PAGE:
If there is a Silicon Valley of flowers, then it is the Netherlands. The contemporary floriculture sector is a very knowledge-intensive industry. Thanks to the innovative strength of flower growers and their close cooperation with knowledge organizations and technology companies, the Netherlands has for decades been the largest flower exporter in the world. Where the emphasis is traditionally on the breeding of certain cut flowers and the continuous cultivation of new spectacular varieties, the sector has also invested a great deal in the past fifteen years in making the production process more sustainable and reducing the environmental impact.
Visual artist and designer Frank Bruggeman will research some of the latest products from the Dutch floriculture sector for a period of 30 weeks. Every week there is a different ornamental flower on show, most of which are grown under glass all year round. The vegetable setting in which these ornamental flowers are placed reflects the changing seasons and also aims to provide a space for decay and transience, processes that are carefully avoided in traditional showpiece flower arrangements.
With thanks to Mooiwatbloemendoen.nl
After roses and chrysanthemums, Gerberas are the third most cultivated cut flower in the Netherlands. But whereas in recent years there has been a decline in the numbers of roses and chrysanthemums grown, Gerbera cultivation is very much on the rise. The first species of this flower to be grown in Europe, at the end of the 19th century, originated from Barberton in the Transvaal, South Africa. Hence the popular English name for the Gerbera: Barberton daisy or Transvaal daisy. Dutch growers of the 19th and early 20th century regarded the Gerbera as an extremely demanding cut flower. These days, a huge variety of mini and large-flowered Gerberas is available on the market, and they often carry highly imaginative names.
In the wild there are more than 50 different species of Cymbidium, mainly growing in Asian mountain forests. Some Cymbidiums are epiphytic - they grow on other plants or trees without extracting nutrients from them - while others are terrestrial or semi-terrestrial. In the 19th century, orchid hunters brought various Cymbidium species to Europe, where they were well looked after in greenhouses and plant nurseries. The fact that many Cymbidium species proved to be resistant to low temperatures greatly contributed to their advance in Europe. These days, as a Dutch cut-flower crop, Cymbidiums rank 7th in terms of turnover.
The official botanical name of this bulbous plant is Hippeastrum, which is usually translated as knight’s star lily, although few people are familiar with that name. There are about 80 Hippeastrum species. They are native to tropical and subtropical regions of the Americas and the Caribbean. In addition, more than 600 hybrids and cultivars have been developed by growers from all over the world. Amaryllis cut-flower bulbs last for three to four years. In their annual cycle, a rest period of about eight weeks is essential. In the 1980s and 1990s, amaryllis growers switched over to substrate cultivation, making it easier to harvest the bulbs after the flowers have been cut.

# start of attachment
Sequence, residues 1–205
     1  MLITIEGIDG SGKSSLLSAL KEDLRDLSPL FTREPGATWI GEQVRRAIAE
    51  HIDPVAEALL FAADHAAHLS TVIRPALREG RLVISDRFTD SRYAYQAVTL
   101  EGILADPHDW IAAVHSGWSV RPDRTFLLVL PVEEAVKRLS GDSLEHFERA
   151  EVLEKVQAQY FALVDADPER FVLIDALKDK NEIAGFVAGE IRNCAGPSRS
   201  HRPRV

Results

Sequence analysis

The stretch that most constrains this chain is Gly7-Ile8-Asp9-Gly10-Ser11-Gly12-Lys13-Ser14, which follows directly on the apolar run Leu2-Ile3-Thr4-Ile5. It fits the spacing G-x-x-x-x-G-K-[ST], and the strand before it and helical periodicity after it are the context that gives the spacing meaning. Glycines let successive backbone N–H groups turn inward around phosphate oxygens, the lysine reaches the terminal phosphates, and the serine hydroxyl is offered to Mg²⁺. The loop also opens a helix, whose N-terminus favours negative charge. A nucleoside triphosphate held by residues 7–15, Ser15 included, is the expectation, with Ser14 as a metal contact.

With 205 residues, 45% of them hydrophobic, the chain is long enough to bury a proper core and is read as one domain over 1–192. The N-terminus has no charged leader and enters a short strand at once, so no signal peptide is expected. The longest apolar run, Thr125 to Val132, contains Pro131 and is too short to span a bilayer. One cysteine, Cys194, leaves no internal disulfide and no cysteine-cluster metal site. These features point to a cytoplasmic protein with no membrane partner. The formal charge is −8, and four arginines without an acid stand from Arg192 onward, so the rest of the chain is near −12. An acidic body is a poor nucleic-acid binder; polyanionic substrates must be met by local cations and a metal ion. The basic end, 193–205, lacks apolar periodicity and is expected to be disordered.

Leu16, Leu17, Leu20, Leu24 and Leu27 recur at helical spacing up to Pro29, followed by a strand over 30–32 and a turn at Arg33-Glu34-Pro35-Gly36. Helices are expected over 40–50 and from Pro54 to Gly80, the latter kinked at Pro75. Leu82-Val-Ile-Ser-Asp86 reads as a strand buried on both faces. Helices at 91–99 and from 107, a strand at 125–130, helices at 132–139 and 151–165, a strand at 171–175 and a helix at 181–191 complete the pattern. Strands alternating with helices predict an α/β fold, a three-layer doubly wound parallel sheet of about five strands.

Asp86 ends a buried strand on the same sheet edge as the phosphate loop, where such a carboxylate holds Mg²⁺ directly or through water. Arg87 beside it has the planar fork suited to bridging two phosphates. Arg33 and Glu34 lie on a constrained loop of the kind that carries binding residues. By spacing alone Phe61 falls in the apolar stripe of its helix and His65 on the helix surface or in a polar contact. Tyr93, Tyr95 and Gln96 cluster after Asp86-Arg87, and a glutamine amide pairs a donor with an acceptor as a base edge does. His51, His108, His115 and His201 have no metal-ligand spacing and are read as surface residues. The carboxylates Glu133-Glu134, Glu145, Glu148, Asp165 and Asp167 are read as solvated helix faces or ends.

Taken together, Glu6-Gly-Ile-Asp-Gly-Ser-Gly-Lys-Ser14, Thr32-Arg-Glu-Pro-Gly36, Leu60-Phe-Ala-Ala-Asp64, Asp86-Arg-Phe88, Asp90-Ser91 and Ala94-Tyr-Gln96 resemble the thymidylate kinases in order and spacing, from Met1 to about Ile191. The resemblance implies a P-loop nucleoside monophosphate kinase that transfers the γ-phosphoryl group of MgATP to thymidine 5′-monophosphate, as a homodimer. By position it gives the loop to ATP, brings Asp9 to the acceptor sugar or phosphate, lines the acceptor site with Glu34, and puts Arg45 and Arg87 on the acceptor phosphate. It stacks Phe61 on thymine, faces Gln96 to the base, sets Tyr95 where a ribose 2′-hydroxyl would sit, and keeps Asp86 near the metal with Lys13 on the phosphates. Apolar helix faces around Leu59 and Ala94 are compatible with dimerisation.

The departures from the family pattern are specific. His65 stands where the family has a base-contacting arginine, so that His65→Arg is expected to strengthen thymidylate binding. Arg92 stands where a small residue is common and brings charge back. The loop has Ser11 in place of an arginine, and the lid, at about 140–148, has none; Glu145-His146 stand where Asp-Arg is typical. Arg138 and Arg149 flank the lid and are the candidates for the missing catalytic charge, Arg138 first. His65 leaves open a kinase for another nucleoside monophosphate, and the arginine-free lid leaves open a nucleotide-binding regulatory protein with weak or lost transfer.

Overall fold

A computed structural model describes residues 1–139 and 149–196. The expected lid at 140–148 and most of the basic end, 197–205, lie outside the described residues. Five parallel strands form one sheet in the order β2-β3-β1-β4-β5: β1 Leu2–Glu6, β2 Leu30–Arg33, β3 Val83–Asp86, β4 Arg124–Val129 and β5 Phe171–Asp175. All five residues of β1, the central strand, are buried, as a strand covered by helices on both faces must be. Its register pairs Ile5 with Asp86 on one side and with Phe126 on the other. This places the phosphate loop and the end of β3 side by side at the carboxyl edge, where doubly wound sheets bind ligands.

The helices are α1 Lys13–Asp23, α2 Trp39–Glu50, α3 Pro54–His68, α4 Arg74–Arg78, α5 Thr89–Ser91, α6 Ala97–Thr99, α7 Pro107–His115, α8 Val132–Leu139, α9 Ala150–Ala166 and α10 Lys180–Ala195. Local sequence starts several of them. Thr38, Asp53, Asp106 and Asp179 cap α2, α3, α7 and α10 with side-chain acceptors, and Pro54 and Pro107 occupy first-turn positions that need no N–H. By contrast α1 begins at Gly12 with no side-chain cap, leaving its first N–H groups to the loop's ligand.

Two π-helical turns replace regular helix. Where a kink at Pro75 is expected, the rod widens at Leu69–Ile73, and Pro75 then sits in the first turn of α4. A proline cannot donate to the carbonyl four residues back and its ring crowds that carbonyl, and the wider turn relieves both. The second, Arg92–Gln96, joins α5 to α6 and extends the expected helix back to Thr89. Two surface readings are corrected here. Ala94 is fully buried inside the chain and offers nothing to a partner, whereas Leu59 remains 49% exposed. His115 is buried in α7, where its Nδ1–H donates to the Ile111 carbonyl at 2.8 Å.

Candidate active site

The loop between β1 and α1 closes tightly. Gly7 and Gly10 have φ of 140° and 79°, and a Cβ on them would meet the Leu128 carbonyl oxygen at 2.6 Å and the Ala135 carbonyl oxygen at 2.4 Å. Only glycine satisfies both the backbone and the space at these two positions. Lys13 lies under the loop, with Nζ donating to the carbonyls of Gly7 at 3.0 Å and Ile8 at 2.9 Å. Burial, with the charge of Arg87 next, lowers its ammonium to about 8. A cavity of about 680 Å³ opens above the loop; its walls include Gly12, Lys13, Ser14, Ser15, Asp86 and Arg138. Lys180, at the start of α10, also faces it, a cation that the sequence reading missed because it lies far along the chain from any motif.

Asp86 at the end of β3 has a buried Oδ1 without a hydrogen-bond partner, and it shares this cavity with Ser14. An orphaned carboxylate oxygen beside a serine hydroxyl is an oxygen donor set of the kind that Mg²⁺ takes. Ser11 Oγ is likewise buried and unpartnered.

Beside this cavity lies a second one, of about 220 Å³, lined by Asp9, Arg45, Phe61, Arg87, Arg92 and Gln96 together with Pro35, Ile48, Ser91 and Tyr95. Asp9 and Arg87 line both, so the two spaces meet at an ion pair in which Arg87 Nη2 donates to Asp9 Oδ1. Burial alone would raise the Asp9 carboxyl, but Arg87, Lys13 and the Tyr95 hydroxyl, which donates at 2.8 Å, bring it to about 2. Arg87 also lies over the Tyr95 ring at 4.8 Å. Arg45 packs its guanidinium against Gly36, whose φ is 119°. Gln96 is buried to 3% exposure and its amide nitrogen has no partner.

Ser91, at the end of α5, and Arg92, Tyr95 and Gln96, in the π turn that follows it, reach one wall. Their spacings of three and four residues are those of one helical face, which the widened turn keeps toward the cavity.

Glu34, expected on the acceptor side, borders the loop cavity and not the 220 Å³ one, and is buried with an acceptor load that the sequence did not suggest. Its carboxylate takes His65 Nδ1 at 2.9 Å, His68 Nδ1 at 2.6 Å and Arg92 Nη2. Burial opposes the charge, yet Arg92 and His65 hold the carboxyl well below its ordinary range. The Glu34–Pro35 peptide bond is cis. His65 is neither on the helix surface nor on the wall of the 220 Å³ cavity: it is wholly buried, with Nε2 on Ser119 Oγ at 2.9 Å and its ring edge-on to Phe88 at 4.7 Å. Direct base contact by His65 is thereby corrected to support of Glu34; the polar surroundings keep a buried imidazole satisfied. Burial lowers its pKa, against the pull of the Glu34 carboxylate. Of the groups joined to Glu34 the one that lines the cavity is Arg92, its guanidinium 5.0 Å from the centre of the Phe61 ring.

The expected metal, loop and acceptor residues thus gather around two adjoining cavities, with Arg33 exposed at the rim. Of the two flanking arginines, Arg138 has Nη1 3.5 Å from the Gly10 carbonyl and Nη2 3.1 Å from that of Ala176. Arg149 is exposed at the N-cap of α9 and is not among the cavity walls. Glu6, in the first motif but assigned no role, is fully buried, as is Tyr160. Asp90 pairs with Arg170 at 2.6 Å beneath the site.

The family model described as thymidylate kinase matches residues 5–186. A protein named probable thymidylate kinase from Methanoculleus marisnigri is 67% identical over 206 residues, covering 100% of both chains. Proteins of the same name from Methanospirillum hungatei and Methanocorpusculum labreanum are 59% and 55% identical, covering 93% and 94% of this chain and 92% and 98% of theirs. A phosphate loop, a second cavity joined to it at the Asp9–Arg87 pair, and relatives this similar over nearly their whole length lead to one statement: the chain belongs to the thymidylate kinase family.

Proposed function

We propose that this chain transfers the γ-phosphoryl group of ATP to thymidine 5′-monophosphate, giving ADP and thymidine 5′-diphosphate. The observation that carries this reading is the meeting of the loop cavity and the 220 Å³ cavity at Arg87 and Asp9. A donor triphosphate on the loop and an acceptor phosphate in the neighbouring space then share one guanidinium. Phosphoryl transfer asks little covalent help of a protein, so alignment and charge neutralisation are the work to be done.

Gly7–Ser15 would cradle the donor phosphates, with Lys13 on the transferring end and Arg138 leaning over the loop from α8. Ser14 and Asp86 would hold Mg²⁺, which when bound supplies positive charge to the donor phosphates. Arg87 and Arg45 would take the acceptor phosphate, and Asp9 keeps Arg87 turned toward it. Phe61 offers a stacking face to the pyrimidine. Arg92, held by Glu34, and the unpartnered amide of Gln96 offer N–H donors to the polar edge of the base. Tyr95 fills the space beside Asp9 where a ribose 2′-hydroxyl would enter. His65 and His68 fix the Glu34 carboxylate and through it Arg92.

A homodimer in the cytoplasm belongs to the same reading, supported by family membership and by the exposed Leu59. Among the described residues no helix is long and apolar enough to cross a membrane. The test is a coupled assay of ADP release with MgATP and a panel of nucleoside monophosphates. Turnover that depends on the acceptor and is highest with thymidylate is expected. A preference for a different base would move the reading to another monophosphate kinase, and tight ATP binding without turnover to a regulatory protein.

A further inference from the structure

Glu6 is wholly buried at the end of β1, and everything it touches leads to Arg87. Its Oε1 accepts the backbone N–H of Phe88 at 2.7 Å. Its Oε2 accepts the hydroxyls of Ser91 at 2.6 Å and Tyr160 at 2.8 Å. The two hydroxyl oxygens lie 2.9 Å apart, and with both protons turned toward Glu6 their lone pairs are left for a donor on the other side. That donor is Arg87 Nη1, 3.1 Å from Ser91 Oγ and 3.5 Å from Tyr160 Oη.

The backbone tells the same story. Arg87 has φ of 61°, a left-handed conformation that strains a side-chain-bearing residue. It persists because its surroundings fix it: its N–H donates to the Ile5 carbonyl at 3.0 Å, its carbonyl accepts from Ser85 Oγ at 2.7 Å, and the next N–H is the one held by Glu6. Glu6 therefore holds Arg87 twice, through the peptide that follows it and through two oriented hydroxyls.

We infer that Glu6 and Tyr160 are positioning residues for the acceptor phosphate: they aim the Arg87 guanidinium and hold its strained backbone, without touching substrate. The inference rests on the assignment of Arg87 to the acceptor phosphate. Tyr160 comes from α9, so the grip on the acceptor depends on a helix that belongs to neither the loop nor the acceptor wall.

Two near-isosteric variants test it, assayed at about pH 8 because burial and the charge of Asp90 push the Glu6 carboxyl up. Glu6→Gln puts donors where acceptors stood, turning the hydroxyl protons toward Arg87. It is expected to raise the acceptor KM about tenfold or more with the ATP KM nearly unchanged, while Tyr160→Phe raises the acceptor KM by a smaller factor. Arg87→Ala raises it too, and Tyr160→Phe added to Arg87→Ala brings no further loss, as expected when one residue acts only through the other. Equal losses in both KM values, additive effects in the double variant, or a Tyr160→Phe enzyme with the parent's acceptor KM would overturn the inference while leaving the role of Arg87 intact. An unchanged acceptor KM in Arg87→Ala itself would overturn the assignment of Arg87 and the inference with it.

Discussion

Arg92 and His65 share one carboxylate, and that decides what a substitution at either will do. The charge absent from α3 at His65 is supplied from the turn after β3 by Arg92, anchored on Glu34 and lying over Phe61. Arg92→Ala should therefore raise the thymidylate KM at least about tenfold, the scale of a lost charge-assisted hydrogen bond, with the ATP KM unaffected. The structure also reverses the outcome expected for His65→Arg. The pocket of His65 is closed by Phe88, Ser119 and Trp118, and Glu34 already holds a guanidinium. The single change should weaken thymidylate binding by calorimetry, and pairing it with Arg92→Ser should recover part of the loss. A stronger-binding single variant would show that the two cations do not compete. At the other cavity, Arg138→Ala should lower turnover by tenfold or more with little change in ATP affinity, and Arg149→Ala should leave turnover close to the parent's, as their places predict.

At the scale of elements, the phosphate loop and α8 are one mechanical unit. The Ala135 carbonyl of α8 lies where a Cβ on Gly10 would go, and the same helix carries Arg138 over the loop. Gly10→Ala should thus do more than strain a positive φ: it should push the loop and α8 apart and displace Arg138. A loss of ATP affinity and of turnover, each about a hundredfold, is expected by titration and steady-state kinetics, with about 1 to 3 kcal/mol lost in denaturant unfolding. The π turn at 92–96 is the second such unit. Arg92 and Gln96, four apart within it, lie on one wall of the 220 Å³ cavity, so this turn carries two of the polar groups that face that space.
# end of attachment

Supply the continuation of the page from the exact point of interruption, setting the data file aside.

The tulip is native to Central Asia, Asia Minor and parts of the Mediterranean. For centuries these regions belonged to the Ottoman Empire. Ottoman sultans wore striking turbans that resembled the form of the tulip, hence the flower takes its name from the Persian word tulipan, meaning turban. Flemish nobleman Ogier Gisleen van Busbeke was responsible for introducing the tulip to Western Europe. A keen amateur botanist, Van Busbeke conducted extensive research into plant growth in Asia Minor. He presented some tulip bulbs to his good friend Carolus Clusius, botanist to the imperial court of Vienna. When Clusius moved to Leiden in 1593, he brought his tulip bulbs with him. So the foundation was laid for large-scale tulip cultivation in the Netherlands, which continues to this day.
Dutch VOC ships brought the first Zantedeschia (popularly known as the calla or calla lily) from South Africa to Europe in the 17th century. Nowadays, the plant grows on all continents except Antarctica and is even considered a danger to the native ecosystem in some countries. In the Netherlands and other European countries, cultivated callas were available only as pot plants for a many years, whereas in the United States and Mexico they were already commonly sold as cut flowers in the 1920s and 1930s. These days, during the winter season increasing numbers of Dutch calla growers are turning to countries like Spain and Tanzania, where sunlight is free and callas can be grown in the open ground.